Gossip Grip: the cars

By Kunal Shah and Mithila Mehta | “From T-bone to T-wing” – that’s one of our comments on the new cars that have been unveiled in the past week. Did Ferrari have to work overnight after Mercedes unveiled the T-wing first? However, the one striking part of the Ferrari is the white Italian flag it flies on the white board attached to its engine cover. We’ll admit that the 2017 Formula 1 cars look sexier, but the FIA should work swiftly to get these ugly shark fins banned!

We’re kind of glad that the 2017 regulations haven’t seen (yet) designers use adult body parts on their cars (a la 2014!). However, this time we’ve noticed regular body parts such as the “forehead” and “nostrils” appear on the Force India racing car.

In terms of colour choices, McLaren seem like a Spykar + Midland child, with its Trump colour orange-black splitting votes on social media. While McLaren is trying all they can to evoke nostalgia and the legendary status of the team, we hope they realise soon that points, podiums and wins are probably the best way to reinforce that. By the way, the front wing assembly seems awesomely exaggerated on the car. Let’s pray it adds some desperately-needed speed, because with Honda claiming that their 2017 powertrain matches Mercedes’ from 2016, it is akin to Sauber using a year-old Ferrari engine. But that’s what’s left of McLaren – a mid-field status!

The team trying to occupy the vacuum left by McLaren is Force India – at least in their colour scheme, to start with. Their silver-orange-green livery looks cool, but we’d still prefer the Indian tricolour design and that’s not necessarily because of the land we hail from. Sauber’s cool blue, Renault’s taxi-copied yellow-orange and Haas’ dark grey-red mean that we’ll at least be able to distinctly identify teams from each other in 2017. Let’s hope them being in close quarters adds to our difficulty because we prefer wheel-to-wheel racing over all else.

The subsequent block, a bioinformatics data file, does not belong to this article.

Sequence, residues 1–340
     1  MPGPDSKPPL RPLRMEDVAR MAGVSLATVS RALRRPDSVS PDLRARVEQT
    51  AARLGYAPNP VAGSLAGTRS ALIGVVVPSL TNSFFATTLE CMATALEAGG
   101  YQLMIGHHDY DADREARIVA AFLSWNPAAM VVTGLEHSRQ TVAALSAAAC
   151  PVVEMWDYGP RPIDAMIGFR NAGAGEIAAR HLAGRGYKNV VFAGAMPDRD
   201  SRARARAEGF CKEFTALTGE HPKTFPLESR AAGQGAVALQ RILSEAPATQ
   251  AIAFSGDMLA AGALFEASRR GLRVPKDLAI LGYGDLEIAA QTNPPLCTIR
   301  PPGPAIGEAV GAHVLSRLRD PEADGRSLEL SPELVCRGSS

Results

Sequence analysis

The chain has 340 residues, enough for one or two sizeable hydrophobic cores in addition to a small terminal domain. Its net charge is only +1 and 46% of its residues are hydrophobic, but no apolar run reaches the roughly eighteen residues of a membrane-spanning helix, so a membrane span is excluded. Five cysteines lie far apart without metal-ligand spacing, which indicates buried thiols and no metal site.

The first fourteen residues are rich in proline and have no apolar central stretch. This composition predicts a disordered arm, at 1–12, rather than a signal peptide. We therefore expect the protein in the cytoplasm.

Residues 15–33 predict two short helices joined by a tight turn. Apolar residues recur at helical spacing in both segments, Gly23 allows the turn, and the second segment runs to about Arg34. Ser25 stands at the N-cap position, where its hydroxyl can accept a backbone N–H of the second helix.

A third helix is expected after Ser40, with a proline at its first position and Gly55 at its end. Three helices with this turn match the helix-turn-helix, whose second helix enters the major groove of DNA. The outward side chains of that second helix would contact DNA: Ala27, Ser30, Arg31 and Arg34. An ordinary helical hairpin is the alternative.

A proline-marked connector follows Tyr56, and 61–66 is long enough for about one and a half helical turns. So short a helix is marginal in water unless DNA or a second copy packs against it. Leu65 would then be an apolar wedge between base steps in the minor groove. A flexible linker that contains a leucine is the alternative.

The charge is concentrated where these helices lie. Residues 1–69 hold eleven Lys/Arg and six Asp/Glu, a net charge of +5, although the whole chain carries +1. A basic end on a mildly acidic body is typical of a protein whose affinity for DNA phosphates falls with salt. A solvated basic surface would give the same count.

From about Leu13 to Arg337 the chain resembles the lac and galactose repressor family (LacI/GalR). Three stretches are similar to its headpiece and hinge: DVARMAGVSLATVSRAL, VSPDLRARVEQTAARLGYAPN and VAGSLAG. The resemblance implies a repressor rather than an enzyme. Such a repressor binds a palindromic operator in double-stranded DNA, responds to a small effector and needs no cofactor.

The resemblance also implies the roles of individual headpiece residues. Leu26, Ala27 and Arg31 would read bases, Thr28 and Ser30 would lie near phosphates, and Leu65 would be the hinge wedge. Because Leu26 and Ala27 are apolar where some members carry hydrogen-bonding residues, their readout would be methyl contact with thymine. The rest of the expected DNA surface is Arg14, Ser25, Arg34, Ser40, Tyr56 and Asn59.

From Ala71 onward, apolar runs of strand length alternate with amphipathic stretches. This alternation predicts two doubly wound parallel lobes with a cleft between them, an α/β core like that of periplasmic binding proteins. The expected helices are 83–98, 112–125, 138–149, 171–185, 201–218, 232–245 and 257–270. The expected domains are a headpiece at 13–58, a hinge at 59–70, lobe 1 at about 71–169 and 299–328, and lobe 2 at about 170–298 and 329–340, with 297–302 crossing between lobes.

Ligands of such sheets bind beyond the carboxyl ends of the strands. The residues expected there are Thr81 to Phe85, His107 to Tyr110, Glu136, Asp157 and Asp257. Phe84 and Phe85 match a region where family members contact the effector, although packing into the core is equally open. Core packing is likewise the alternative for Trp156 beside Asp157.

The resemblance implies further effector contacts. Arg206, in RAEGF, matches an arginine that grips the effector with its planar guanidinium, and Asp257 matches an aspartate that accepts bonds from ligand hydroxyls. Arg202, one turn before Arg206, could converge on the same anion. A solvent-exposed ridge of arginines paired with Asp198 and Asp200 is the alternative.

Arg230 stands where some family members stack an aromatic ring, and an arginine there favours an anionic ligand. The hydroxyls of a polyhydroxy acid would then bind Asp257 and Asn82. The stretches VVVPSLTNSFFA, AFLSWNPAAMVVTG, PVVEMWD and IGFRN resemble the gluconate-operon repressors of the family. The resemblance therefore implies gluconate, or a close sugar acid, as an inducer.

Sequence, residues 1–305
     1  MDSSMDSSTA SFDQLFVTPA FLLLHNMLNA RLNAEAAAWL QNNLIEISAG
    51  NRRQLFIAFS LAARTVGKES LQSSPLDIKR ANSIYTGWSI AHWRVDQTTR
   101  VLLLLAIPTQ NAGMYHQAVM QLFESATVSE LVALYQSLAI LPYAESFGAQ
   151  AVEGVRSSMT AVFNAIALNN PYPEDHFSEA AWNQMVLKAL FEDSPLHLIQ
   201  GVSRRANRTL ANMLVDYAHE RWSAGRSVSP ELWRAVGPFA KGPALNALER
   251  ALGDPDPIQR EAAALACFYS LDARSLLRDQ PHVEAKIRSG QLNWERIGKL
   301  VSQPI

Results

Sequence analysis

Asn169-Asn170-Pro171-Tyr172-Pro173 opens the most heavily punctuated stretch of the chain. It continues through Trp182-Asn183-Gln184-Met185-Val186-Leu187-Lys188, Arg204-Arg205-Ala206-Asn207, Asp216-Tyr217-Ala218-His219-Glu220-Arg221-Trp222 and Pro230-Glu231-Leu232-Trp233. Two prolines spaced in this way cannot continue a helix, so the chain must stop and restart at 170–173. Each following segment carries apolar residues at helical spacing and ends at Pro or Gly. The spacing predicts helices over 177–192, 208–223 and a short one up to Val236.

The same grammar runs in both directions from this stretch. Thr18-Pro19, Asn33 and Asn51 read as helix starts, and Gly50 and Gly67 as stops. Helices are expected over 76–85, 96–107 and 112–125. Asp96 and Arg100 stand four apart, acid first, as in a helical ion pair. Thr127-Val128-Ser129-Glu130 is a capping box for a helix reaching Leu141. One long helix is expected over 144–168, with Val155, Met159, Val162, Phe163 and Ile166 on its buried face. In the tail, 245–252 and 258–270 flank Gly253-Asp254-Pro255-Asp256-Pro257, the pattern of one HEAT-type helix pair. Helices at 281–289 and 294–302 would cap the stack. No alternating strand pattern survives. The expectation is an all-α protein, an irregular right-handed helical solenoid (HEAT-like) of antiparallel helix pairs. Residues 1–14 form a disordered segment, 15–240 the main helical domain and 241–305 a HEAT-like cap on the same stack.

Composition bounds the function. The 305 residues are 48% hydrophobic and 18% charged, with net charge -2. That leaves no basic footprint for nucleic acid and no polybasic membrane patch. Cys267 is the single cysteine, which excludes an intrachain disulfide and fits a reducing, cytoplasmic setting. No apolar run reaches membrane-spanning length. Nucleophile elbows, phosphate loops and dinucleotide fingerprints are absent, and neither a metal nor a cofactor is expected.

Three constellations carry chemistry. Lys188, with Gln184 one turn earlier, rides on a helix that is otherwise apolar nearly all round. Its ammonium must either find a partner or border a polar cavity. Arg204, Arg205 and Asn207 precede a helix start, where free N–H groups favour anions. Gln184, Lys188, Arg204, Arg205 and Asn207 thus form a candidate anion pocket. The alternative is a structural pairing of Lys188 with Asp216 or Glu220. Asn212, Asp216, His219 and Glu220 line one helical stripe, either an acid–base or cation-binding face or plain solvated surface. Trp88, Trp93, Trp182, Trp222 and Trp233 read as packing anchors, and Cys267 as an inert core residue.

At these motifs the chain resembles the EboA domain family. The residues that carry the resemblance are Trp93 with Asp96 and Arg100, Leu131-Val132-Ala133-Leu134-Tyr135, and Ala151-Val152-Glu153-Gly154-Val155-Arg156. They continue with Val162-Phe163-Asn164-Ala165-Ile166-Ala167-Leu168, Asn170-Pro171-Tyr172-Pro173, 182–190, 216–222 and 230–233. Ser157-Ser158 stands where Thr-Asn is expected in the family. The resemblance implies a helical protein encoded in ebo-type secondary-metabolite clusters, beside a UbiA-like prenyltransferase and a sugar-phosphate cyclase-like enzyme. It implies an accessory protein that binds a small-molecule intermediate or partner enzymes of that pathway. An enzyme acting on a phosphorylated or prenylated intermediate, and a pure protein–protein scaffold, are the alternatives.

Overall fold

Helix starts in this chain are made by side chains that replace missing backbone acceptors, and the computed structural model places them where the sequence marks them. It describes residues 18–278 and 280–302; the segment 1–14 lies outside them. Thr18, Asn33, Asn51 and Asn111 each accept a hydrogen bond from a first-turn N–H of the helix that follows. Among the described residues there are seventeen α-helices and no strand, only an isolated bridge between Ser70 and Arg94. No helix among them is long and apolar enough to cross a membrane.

Sauber’s cool blue, Renault’s taxi-copied yellow-orange and Haas’ dark grey-red mean that we’ll at least be able to distinctly identify teams from each other in 2017.

We’ve also had a few dislikes regarding the car launches. We’re not too amused that Ferrari’s 2017 car isn’t named after Jules Bianchi. The SF70H was actually to be called the SF17T-JB. There was a leak on social media regarding its possibility by a media handle associated with one of Ferrari’s sponsors. Given that Bianchi could’ve been racing the 2017 car, a tribute to their late prodigy would’ve done better than flying the Italian flag on their car.

But the biggest dislike of all was the manner in which the first-ever 2017 Formula 1 car was unveiled. No, we’re not referring to Williams’ cheeky digital unveil that snatched from Sauber its best chance to garner attention and eyeballs since a few seasons back. We’re talking about how Formula 1 could’ve (and should’ve) done better, working with the teams to ensure that the first of the much-hyped and much-anticipated 2017 racing cars was launched in an extravagant manner by one of their superstar drivers. Williams’ digital unveil took the human element out of the suspense; not that Sauber’s unknown drivers would’ve delivered any better.

The drivers have been aggressively posting videos on social media of their off-season pursuits to become fitter. But for Kimi Raikkonen, a video of him attempting karaoke did the rounds. There’s news that a Finnish Grand Prix is being pursued by organisers and that the race could be held at a circuit called the “Kymi Ring”, which at first sight looks like how someone spells “Kimi” while drunk. How does a certain Mika feels about this name though?

Mithila Mehta is a travel blogger and, well, loves Formula 1. She co-hosts the Inside Line F1 Podcast, you can also read her travel stories on www.miss-wanderlust.com or follow her on Twitter – @mith_m
Kunal Shah is a former single-seater racer who works in the sports business industry. He pens his thoughts on F1 on his personal blog www.kunalsf1blog.com and co-hosts the Inside Line F1 Podcast. Catch him on Twitter too – @kunalashah
About the Inside Line F1 Podcast: this is a weekly podcast that aims to add a funny touch to an otherwise serious sport of Formula 1. It’s nearing 150 episodes of production with nearly 100,000 listeners each year. The podcast is available across popular listening and streaming platforms such as iTunes, Sound Cloud, YouTube, Mix Cloud, Daily Motion, etc.

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